A variety of cast-in form liners added relief to the large structures. One of the ribbed form liners was used in a diagonal fashion to achieve a herringbone pattern. The form liner work was extensive and complex, requiring great attention to detail. Further, visual interest was created by casting themed motifs – about 4 ft. in diameter – that correspond with the building’s purpose.
Getting up to speed
The original Hoover High School Gymnasium in Fresno, Calif., was constructed in 1963 and was characterized as being undersized from the day it opened. Further, not only was the gym too small, it was inaccessible to the physically disabled, which made the need for a new gymnasium critical.
The 27,522-sq.-ft. addition was designed to tie in with the existing gym to create an “Event Center.” Tilt-up was selected for its attributes of low-maintenance, durability and fire-resistance, as well as the need to match the construction of the existing gym. Great use of the juxtaposition of elements and materials made this project stand out in the competition.
Since the new gymnasium was built adjacent to the original facility, the team worked to incorporate a solution that successfully de-emphasized the existing entry to the old gym by providing a new curvilinear raised concrete planter that redirects the circulation pattern. This planter area is landscaped with a row of coast redwood trees to further act as a visual screen of the old entry, which now becomes a secondary entrance to be used only by the students and staff.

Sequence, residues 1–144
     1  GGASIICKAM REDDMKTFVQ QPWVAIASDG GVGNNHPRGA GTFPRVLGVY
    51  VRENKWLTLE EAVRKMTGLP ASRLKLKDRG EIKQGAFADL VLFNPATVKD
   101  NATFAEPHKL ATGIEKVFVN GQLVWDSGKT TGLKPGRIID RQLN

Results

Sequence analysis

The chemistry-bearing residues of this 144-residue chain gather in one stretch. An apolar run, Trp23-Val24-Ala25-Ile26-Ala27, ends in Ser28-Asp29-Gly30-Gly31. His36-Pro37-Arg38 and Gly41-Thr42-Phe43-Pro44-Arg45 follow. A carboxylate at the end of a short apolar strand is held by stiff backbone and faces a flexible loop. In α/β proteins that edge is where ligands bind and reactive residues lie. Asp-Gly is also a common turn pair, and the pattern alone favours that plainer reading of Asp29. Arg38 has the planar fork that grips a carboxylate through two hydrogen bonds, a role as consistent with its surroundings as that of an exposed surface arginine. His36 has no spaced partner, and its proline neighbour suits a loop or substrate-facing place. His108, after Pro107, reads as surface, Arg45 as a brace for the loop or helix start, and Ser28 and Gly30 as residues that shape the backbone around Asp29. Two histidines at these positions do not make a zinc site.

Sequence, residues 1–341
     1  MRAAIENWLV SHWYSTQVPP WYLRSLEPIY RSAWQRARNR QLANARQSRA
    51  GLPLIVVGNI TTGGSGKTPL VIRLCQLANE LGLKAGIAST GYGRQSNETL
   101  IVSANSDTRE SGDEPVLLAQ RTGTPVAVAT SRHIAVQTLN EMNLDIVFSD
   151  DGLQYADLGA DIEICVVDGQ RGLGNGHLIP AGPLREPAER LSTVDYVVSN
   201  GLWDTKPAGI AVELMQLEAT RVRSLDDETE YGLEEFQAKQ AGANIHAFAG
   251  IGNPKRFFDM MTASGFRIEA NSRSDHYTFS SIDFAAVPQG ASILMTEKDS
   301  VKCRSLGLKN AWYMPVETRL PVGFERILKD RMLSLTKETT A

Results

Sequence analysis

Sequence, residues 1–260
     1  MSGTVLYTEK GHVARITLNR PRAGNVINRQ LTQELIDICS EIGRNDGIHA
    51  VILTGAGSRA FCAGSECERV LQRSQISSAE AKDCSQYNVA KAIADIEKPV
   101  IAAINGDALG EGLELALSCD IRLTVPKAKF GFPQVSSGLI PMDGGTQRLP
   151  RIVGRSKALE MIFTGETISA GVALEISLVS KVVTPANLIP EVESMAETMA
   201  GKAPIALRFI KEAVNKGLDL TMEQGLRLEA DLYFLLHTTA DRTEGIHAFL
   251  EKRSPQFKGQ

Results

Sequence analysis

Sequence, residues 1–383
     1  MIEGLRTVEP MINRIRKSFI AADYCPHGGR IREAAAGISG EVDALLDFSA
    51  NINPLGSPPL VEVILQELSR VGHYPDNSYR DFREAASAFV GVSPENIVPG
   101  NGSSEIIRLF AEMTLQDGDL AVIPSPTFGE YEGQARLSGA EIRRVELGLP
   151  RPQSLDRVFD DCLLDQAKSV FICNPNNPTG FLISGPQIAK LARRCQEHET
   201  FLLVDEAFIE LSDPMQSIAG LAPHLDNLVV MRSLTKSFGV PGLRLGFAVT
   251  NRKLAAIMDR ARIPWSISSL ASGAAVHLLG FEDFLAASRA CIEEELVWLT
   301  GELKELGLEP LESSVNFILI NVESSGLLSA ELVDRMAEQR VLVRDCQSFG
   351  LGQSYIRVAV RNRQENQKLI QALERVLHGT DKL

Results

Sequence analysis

Tilt-up concrete construction was selected because it provided a clean facility without numerous interior columns. To minimize the visual impact a big box gymnasium would have on the school, trapezoidal flutes and reveals were utilized to create patterns in the concrete, breaking down the box. With seating for more than 2,800 students with folding chairs on the court, the event center has become the meeting place for districtwide functions that require a large seating capacity.
Ed Sauter is the executive director of the Tilt-Up Concrete Association. This article is the fifth in a year-long series on the applicability of the growing site-cast tilt-up method for a variety of end-use markets. For more information about the TCA and this year’s award winners, visit www.tilt-up.org or contact Ed Sauter at (319) 895-6911 or firstname.lastname@example.org.